There were large-group sessions for lectures, seminars for discussions and small-group instruction, lab time for projects such as building dioramas and study sessions in which students worked on assignments with no adult assistance.
In seminar sessions, groups of 5 to 10 students were created so teachers could provide individualized attention, expanding on topics discussed in the large-group session, according to a district newsletter.
Classrooms were clustered in two main buildings, one for primary grades and one for upper grades, the newsletter said. Movable walls inside the buildings allowed teachers to alter room sizes to fit the activity and size of the class.
Teachers shared notes and strategies and created a cohesive system that attempted to reach all students.
The school attracted professors and education officials from the U.S. and abroad, including visitors from Japan and Australia seeking to learn more about the program at Top of the World, Haven said.
Terry Hustwick, one of the school’s 19 teachers on staff for opening day, said team teaching required a lot of planning and coordination, but the effort paid off.
“We met every day,” Hustwick said. “Everyone knew all the kids, even if they did not have [the students] in their homeroom.
“We learned about consensus by working in teams. That was for almost every decision.”
If one teacher noticed a student who needed help, he or she alerted colleagues so they could be aware and assist the student.
“It was a dream job and a dream school,” said Hustwick, who moved with her husband, John, to Laguna in 1965 and still lives in the same house. She had taught in the Santa Ana Unified School District before Laguna Beach Unified came calling.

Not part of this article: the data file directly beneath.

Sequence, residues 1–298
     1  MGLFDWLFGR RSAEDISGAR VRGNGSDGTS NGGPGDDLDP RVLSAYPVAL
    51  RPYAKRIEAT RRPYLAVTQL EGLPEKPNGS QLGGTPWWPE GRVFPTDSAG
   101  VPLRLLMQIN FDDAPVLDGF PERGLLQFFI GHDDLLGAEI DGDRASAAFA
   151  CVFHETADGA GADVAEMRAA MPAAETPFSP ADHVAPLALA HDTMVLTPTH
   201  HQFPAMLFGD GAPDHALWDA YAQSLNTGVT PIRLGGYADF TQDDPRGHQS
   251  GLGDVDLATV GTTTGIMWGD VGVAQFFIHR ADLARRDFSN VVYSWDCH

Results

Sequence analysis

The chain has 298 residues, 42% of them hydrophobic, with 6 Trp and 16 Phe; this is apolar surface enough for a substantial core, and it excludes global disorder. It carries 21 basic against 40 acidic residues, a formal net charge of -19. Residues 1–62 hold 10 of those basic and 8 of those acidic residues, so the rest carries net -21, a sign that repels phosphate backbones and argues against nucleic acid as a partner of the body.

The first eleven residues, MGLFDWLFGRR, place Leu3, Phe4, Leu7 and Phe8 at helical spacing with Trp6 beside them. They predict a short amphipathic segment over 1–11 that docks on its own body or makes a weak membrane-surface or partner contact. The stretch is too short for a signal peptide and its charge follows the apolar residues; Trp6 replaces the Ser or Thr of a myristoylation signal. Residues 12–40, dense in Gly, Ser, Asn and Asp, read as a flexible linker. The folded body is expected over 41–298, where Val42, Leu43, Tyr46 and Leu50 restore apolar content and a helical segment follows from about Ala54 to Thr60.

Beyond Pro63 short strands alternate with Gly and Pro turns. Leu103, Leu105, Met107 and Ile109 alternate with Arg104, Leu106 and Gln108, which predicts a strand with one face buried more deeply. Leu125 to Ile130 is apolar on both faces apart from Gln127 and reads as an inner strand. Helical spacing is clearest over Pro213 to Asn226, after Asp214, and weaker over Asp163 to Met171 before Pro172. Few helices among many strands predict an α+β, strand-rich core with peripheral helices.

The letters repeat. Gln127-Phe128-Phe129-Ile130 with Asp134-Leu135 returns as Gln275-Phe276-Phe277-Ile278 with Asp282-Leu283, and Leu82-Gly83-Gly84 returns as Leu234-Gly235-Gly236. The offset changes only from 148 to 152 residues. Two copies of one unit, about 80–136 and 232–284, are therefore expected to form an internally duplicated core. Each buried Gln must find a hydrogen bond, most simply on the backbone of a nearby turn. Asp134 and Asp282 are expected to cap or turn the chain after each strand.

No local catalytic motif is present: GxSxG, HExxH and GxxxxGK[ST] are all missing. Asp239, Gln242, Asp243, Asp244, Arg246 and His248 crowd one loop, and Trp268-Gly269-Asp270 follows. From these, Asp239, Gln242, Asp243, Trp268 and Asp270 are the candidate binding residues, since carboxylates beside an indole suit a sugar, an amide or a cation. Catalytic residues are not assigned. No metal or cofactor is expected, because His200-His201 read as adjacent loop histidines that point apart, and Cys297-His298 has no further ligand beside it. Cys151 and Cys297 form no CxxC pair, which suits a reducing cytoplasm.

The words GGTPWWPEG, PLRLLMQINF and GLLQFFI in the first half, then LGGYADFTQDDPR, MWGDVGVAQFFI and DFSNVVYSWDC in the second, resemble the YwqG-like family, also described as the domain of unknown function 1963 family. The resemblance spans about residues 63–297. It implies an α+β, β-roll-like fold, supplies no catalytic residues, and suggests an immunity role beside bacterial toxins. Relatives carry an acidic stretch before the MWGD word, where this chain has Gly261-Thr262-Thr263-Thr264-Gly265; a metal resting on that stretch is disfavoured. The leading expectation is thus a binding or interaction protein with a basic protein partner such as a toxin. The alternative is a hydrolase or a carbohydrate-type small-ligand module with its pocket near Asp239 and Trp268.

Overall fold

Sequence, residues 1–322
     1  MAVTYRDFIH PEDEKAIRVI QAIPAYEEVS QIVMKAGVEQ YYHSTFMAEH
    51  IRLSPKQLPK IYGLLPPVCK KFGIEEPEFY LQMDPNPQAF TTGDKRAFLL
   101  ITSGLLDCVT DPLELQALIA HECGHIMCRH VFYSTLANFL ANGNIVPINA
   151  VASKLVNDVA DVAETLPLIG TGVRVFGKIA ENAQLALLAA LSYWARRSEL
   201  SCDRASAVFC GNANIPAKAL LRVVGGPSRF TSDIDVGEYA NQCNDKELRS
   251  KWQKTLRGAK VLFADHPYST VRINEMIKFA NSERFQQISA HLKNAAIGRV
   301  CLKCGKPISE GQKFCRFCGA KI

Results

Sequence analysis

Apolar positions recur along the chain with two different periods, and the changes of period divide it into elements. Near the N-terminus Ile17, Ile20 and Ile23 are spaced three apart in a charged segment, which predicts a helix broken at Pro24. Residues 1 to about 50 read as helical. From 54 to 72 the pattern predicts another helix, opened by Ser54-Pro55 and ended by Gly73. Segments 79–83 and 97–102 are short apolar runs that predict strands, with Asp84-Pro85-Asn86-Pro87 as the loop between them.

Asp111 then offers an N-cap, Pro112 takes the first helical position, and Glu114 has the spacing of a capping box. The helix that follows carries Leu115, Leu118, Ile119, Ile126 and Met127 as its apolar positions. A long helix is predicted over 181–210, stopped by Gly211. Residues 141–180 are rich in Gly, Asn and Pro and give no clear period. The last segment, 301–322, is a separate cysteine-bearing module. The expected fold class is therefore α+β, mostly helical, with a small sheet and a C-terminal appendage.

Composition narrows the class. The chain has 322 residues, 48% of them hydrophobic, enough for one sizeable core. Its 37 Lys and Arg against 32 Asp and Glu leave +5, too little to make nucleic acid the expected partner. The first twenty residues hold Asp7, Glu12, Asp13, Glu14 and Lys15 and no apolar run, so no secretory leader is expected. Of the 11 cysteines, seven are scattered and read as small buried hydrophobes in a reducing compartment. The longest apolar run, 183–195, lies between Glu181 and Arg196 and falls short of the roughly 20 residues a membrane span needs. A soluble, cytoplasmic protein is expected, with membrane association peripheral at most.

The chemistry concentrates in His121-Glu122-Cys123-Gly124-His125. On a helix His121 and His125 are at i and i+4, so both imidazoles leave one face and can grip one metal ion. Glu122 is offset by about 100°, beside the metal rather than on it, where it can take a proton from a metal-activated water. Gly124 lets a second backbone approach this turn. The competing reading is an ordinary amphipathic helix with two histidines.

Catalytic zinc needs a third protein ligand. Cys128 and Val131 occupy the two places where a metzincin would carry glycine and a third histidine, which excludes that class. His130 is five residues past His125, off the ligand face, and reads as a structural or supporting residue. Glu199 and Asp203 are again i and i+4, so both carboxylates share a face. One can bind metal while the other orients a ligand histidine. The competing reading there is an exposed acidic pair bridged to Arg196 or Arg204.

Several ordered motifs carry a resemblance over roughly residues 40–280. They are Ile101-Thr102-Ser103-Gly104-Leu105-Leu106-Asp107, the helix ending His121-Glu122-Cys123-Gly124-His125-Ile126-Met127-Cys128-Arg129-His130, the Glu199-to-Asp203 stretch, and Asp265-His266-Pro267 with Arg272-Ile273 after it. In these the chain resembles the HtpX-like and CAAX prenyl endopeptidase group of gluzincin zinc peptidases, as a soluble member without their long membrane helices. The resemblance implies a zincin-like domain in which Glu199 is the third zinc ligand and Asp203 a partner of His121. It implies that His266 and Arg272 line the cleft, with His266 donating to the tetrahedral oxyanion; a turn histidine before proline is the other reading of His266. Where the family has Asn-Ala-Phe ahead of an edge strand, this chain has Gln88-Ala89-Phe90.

Hustwick stayed at the school until she retired in 2003.
After retiring, Hustwick managed the school’s garden and, in 2014, earned the state PTA Council’s Golden Oak Service Award for her significant contributions to the welfare of the community’s children, Stu News Laguna reported.
Hustwick recalled some of the school’s defining features through the years such as the Dolphin Wall, a tile mosaic of dolphins near the playground, a piece of playground equipment called “the structure,” and the yellow line, where students who misbehaved sat during recess while their classmates played.
Hustwick said 25 kids could climb on the structure at one time.
Sarah Wolsey, who currently teaches third grade and is a Top of the World alum, wrote in an email that the Dolphin Wall remains while the jungle gym and yellow line no longer exist.
The school holds special meaning for Wolsey, who played soccer games on the field and met with her Girl Scout troop in the teachers’ room during non-school hours.
Growing up, Wolsey said, she walked to school with her brothers. Now she walks with her two sons who attend the school.
“This is my third school at which I've taught and I never want to go anywhere else,” Wolsey said. “Teaching at TOW is like a daily flashback to my own childhood.
“My time at TOW always makes me smile.”
The school’s PTA will host an anniversary celebration from 3 to 6 p.m. Oct. 6 on the campus. Principal Mike Conlon will speak at 5 p.m. and there will be cake and a silent auction.
Haven and Hustwick both said they will attend.
“It was the highlight of my career,” Haven said.
To RSVP, go to bit.ly/2xlBtOF. For more information, contact event chairwoman Claudia Redfern at email@example.com or by phone at (949) 813-1341.